It probably hasn’t escaped your notice that, with effect from 1st October 2016, the Consumer Rights Act 2015 (“CRA”) now applies in full to all transport services, including mainline passenger rail services.

This followed an about-turn by the Government back in September, when rail minister, Paul Maynard MP, announced in a letter to another MP, that the Government had decided that consumers “should not be denied any consumer rights or protections, even for a temporary period while the rail industry works to put in place more consistent compensation arrangements between train operators”.

Mr Maynard also stated in the letter that existing rail compensation schemes would run alongside the protections provided by the CRA.

So what are the main implications of this for train operating companies?

If a train operator fails to provide a passenger service with reasonable care and skill, consumers will be entitled to bring a claim for a full or partial refund of the price they paid for the journey. They may also be able to sue the train operator for any additional consequential losses that they suffer. Train operators are not permitted to exclude their liability to consumers or limit the amount that a consumer can recover to less than the ticket price.
Examples of what might amount to a failure to provide a passenger service with reasonable care and skill might include situations where a train is severely overcrowded or is delayed (even if the delay is for less than the time limit that applies under one of the existing rail industry compensation schemes).

A consumer might incur consequential losses where, for example, as a result of a delay in a train service, he or she is forced to pay for a more expensive onward transport ticket than would otherwise have been the case had the train service been on time.

If a train operator (or a third party on behalf of a train operator) says or writes something to a consumer and the consumer relies upon that information when making a decision about a rail service, that information will form a binding part of the contract between the rail operator and the consumer. Consequently, if that information turns out to be incorrect or is breached, the consumer will again be able to obtain a full or partial refund of the price paid for the journey. Also, as above, the consumer may be able to sue the train operator for consequential losses and the train operator is not permitted to exclude its liability or limit the amount that a consumer can claim to less than the price of the ticket.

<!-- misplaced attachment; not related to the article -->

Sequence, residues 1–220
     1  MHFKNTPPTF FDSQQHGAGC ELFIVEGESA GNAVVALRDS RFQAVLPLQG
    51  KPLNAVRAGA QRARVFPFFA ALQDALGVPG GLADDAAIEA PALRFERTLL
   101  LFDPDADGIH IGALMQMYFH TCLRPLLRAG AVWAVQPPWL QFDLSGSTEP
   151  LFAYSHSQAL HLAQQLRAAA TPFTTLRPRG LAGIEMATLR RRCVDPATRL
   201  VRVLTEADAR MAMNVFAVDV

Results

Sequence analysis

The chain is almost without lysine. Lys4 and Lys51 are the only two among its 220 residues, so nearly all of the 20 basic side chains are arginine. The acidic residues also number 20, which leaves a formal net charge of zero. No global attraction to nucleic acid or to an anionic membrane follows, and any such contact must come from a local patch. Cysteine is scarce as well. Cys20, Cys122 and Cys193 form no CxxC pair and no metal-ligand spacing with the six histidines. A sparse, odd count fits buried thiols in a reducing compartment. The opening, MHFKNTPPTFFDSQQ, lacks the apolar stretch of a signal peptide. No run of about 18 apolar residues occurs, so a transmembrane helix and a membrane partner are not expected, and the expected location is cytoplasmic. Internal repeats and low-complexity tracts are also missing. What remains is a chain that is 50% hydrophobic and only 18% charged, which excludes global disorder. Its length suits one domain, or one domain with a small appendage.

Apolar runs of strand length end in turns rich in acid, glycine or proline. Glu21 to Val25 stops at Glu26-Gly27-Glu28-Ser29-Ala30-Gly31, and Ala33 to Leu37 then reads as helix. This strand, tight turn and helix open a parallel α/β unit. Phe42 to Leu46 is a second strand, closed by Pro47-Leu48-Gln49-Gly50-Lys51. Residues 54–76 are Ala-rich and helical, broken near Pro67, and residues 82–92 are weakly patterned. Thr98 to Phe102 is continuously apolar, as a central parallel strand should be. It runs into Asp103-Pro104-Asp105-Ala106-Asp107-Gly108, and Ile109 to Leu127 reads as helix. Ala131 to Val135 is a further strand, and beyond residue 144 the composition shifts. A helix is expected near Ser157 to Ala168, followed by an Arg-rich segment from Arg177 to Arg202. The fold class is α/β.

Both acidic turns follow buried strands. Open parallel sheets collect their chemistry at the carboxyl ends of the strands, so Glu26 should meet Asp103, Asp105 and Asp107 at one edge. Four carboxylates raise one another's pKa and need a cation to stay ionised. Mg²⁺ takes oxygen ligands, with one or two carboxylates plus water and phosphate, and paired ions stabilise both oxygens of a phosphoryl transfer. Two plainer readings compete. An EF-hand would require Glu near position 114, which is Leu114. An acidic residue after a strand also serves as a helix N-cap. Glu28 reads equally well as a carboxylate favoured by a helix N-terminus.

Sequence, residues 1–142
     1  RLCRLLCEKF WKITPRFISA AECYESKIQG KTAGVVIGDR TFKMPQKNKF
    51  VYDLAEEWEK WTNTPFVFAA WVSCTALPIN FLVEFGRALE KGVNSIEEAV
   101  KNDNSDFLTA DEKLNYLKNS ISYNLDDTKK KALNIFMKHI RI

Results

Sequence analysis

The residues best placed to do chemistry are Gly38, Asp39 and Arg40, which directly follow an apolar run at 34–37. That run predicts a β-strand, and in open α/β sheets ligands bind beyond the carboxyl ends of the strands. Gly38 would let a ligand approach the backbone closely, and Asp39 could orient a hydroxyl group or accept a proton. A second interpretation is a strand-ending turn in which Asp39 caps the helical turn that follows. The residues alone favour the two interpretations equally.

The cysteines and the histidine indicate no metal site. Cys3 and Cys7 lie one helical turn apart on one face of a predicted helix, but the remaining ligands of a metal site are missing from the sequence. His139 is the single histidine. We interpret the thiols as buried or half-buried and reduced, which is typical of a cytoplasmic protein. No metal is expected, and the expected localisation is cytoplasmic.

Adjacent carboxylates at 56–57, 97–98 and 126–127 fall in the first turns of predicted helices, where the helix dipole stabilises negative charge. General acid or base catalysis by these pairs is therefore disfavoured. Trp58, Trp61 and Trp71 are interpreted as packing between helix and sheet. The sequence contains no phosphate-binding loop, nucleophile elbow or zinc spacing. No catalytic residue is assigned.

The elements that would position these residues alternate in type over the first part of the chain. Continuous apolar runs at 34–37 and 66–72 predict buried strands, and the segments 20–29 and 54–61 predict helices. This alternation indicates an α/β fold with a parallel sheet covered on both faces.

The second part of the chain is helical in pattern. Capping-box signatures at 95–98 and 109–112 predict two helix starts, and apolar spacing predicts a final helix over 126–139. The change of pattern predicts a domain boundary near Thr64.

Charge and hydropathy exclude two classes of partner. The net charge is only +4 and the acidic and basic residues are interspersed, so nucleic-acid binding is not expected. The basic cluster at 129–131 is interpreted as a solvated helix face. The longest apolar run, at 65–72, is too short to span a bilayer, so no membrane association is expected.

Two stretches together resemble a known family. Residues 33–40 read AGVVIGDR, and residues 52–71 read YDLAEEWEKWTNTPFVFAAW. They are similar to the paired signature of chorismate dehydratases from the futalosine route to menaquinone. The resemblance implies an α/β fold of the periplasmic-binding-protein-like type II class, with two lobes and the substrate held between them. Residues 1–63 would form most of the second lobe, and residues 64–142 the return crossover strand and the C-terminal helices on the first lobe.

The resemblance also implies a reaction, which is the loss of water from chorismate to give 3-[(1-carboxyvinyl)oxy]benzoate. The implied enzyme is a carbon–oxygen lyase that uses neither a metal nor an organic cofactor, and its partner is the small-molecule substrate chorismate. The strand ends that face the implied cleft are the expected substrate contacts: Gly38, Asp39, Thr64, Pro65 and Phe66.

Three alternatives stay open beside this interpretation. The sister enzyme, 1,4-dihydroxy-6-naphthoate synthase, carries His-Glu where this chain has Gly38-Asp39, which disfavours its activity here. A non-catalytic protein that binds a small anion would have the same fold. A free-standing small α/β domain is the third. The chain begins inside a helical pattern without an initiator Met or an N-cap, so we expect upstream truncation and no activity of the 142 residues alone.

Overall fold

The amount of any refund must be “appropriate” in the circumstances and must be made using the same means of payment as the consumer used to pay for the service in the first place (unless the consumer expressly agrees otherwise). As a result, the general rule is now that train operators will no longer be able to provide travel vouchers as refunds – if a customer pays for a ticket in cash then they should be refunded in cash. Refunds must be made without undue delay, and in any event within 14 days beginning with the day on which the rail operator agrees that the consumer is entitled to a refund.
There’s now likely to be a period of uncertainty as it’s established how the existing rail compensation schemes (which work on a no fault basis and have pre-defined compensation levels) will work alongside the rights available under the CRA (which, as stated above, require the consumer to prove breach of contract and require refunds to be appropriate in the light of the circumstances). So far, the only helpful comment the Government has made in this respect is that the bus industry has coped just fine…

There are also potentially other changes in the pipeline. In a recent statement, Paul Maynard has also suggested that the Government is considering proposals whereby train operators could be made to announce entitlement to compensation to passengers on their journey at the point in which they become eligible for a refund. This follows the results of recent research which suggest that eight out of ten passengers fail to claim when they are due a refund. Other ideas being considered include staff handing out claim forms when passengers leave the train. So it really is a case of watch this space…

Further information and legal support
For more information about the general changes made to consumer law in the UK by the CRA, please refer to our guides, which can be accessed here. Please also feel free to contact any member of our Commercial Services team if you would like further information about any of the issues covered in this article.

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